Review: HiBy RS2 – R2R To Go

Hardware specs

For all the talk of software, hardware is where the rubber meets the road, so to speak. RS2’s smaller footprint means you’re unlikely to get a muscle car engine under the hood, and while that’s mostly true, RS2 still packs plenty of audiophile-grade parts into its diminutive shell. 

For reference, here’s a quick list of the main hardware specs, and I’ll discuss some of the more important ones below:

  • CPU: X1000E
  • DAC: Darwin discrete R2R
  • Supported formats: PCM384 / DSD256 and MQA 8x
  • Interface: USB-C (USB 2.0)
  • Screen: 2.45” 480×360 touchscreen
  • Storage: no internal storage / 2x Micro SD card slots (4TB max combined)
  • Battery: 3500maH (3 hour charge time, approx. 10 hour playback)
  • Chassis: brushed aluminium and glass
  • Output voltage: 2Vrms (3.5mm PO/LO), 3.2Vrms (4.4mm PO)
  • Max power output (@32Ω): 125mA (3.5mm PO), 320mA (4.4mm PO)
  • Crosstalk rejection: 63dB (3.5mm PO), 82dB (4.4mm PO) 
  • SNR: 118dB (3.5mm PO), 117dB (4.4mm PO)
  • Dynamic range: 82dB
  • THD+Noise: 0.006%    
  • Output impedance: 0.47Ω (3.5mm PO), 0.94Ω (4.4mm PO), 10K (LO)

I‘m not one to go by measurements, but it was clear from my testing that output from the 4.4mm balanced port was cleaner and more dynamic than the same output from the 3.5mm port when volume matched. HiBy DAPs have generally favoured balanced output in the past, and RS2 is no different, although 3.5mm performance is still excellent.

For a DAP this size, RS2 has a fairly large battery, enough for 10 hours (10.5 hours in my testing) hi-res playback, and 40 days of standby time (I didn’t test this but I can say with certainty the battery hardly ever depleted while in standby mode).

It also features an oddly squashed screen, but since I already mentioned this earlier, I won’t belabour the fact here. I will say that, given the battery size, I‘d have gladly sacrificed an hour or two of playback time for a full-size screen. Thankfully the screen is very responsive to the touch, and the basic processor is more than enough to make the interface feel snappy. Scrolling is relatively fast, although adding a card full of music files to the database can take quite a bit of time, and is slower to navigate than on a fast Android DAP.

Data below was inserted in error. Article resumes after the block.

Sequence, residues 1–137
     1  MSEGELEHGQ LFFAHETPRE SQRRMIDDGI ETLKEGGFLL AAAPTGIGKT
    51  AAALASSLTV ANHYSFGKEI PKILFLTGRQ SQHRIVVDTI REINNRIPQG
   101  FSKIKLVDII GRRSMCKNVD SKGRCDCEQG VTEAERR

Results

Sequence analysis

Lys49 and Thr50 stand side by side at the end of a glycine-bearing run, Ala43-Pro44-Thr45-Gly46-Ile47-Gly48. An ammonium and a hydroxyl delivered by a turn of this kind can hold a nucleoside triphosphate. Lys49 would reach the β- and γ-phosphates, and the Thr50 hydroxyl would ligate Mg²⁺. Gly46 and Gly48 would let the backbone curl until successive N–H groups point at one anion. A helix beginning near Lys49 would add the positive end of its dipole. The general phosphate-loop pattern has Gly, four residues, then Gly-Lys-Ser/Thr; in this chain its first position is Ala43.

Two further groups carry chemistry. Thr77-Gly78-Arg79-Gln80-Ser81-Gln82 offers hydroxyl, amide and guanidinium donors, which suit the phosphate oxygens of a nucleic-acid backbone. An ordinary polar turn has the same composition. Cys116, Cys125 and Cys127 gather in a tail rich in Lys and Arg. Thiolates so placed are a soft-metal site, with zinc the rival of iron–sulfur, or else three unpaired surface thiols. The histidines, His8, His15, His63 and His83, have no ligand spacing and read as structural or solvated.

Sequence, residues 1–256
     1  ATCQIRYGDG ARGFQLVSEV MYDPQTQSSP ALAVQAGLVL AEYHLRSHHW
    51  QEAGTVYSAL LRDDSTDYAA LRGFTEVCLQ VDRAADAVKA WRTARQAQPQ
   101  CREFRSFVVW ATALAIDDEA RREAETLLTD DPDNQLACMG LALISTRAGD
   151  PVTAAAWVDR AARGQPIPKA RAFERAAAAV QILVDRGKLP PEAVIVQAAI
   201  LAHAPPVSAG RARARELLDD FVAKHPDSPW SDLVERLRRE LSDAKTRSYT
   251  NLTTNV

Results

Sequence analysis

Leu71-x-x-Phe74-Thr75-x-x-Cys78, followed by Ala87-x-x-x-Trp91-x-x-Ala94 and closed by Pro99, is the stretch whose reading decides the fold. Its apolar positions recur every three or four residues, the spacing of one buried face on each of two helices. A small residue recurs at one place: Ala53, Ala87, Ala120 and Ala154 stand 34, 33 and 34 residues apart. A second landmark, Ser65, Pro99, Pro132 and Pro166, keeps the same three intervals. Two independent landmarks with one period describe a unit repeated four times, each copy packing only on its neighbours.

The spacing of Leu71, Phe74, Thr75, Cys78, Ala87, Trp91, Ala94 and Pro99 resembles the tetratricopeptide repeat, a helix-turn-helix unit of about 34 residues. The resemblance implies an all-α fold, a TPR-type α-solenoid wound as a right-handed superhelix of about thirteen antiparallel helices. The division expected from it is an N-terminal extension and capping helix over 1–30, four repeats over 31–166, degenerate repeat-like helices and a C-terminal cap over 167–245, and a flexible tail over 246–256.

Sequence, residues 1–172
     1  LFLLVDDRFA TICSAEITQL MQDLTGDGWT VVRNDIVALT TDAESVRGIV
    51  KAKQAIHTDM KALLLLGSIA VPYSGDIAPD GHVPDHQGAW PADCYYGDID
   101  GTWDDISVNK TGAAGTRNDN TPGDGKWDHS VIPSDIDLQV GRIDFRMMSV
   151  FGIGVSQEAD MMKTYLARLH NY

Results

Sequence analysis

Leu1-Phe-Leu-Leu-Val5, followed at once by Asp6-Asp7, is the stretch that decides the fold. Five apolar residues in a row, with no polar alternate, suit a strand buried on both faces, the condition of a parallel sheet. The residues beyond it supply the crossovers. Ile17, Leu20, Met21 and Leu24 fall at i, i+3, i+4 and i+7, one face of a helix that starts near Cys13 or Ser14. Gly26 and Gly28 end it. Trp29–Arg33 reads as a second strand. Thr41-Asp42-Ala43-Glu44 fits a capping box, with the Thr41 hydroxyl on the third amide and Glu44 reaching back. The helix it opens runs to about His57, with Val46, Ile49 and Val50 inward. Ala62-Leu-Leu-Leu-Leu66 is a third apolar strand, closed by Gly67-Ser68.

What the specs don’t show is some of the high-grade audio hardware inside the RS2. The output stage is handled by a Ti OPA1652 and 2x OPA1612 chips for low pass filtering. Two ‘flagship class’ OPA1622 chips take care of the amplification stage for four independent channels of current mode headphone amplification, and a pro-grade NJW1195A digital volume controller is used to precisely attenuate the output. 

Along with the discrete R2R array and 256-tap FiR filter, this is far more audio muscle than you’ll get in even the most expensive smartphone, which is reason alone for getting a DAP in the first place. 

That said, power output isn’t class-leading, though with an effective 250-odd mA available from the balanced port (at <1% THD), RS2 is more than powerful enough to cleanly drive – and control – just about any IEM on the market today. You might even get away with using sensitive headphones, but I’d caution against trying to use larger headphones with a small DAP unless you don’t really care about maximum sound quality.  

It’s interesting too that HiBy chose not to include built-in storage, although this isn’t completely uncommon, even with higher-end DAPs. It does help keep internal circuitry to a minimum to reduce electrical noise, and allows you to use ultra-low noise cards (if you believe in that sort of thing) to maximise performance. Of course, it helps to keep the price down too, especially when you’re launching the first-ever entry-level, ultraportable R2R DAP on the market. 

Continue to Sound impressions



Guy Lerner

Guy Lerner

An avid photographer and writer 'in real life', Guy's passion for music and technology created the perfect storm for his love of portable audio. When he's not playing with the latest and greatest head-fi gear, he prefers to spend time away from the hobby with his two (almost) grown kids and wife in the breathtaking city of Cape Town, and traveling around his native South Africa.


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